A guide to style guides

If you’ve ever found yourself staring at a screen trying to decide if you should use title case for a heading or go with “centre” vs. “center”, you might want to consider a style guide.

Style guides specify how to treat everything from punctuation and spelling to numbers and formatting. They’re great tools for ensuring consistency across your content — and help prevent arguments over optional points of style. (Some people have very strong opinions about serial commas.)

There are lots of readymade style guides you can choose from, such as The Canadian Style, the Chicago Manual of Style and the Associated Press Stylebook. Some organizations create their own style guides specific to their corporate voice, tone and brand, laying out key conventions — for example, “We use contractions to be conversational,” or, “We always use our full company name, never a short form.”

When creating a custom style guide, there a few best practices to keep in mind:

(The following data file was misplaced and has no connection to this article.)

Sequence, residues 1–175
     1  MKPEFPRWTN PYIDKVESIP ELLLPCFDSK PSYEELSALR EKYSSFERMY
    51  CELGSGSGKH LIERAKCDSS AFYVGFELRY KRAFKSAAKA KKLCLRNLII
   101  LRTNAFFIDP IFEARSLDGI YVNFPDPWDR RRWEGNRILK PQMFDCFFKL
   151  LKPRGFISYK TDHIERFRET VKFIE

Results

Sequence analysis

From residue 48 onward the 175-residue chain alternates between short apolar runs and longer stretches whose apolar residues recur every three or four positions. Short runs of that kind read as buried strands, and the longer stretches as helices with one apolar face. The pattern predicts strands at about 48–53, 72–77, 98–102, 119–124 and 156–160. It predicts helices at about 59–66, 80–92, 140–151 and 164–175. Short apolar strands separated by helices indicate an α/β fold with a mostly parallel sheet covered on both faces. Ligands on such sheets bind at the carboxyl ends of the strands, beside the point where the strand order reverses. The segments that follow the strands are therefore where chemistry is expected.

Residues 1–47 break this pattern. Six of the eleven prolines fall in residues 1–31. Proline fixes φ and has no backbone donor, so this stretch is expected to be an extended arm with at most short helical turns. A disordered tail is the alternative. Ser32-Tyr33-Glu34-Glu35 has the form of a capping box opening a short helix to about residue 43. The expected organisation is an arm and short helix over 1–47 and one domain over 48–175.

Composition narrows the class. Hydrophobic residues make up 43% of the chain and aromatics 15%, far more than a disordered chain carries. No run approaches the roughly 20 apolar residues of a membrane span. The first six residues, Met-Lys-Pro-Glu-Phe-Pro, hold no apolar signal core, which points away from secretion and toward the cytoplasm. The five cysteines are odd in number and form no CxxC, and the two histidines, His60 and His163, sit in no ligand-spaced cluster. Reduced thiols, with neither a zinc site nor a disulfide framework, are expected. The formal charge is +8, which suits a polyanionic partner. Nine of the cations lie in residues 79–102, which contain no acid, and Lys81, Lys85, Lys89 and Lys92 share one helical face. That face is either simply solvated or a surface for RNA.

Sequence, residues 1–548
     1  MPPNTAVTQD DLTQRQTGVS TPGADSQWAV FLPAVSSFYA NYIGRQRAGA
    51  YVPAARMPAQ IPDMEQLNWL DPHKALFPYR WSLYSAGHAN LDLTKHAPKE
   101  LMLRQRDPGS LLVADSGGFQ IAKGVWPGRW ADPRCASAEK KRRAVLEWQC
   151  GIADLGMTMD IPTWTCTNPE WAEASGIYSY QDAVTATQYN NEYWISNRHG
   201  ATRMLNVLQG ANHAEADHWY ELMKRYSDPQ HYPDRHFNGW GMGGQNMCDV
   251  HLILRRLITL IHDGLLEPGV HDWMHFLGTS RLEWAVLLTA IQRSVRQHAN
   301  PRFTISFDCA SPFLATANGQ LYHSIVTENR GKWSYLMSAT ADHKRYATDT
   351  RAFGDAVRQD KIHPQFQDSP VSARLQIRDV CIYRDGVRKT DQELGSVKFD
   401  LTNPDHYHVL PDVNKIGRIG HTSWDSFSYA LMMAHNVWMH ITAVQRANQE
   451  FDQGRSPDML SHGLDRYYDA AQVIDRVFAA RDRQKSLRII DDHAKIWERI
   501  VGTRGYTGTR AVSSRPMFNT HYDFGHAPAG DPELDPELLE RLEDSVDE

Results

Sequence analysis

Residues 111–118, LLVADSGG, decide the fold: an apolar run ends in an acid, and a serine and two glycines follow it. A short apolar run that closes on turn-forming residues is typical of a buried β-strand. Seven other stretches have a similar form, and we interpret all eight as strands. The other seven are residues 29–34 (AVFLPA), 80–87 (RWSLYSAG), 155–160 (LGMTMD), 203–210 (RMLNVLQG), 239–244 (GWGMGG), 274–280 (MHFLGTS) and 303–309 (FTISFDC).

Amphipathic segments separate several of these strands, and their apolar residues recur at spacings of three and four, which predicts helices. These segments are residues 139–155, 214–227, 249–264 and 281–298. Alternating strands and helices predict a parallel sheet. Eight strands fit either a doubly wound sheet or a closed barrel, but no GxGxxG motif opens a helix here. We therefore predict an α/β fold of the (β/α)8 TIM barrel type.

Build on a base
Rather than reinvent the wheel, you could choose an existing published style guide as your foundation and create a lightweight custom add-on to address topics unique to your organization.

Keep it short
The shorter your style guide is, the likelier people will be to use it. Focus on what’s relevant for your organization (e.g., a manufacturer may need detail on how to cite product specs while a mental health organization might emphasize inclusive language). Try to avoid lengthy explanations.

Make it scannable
Include quick reference checklists so team members can scan for key guidelines on terminology, spelling, etc.

Update it
Review your style guide at least every couple of years to stay aligned with how your company and brand are evolving, and as wider best practices (such as web standards) change. Treat it as a living document.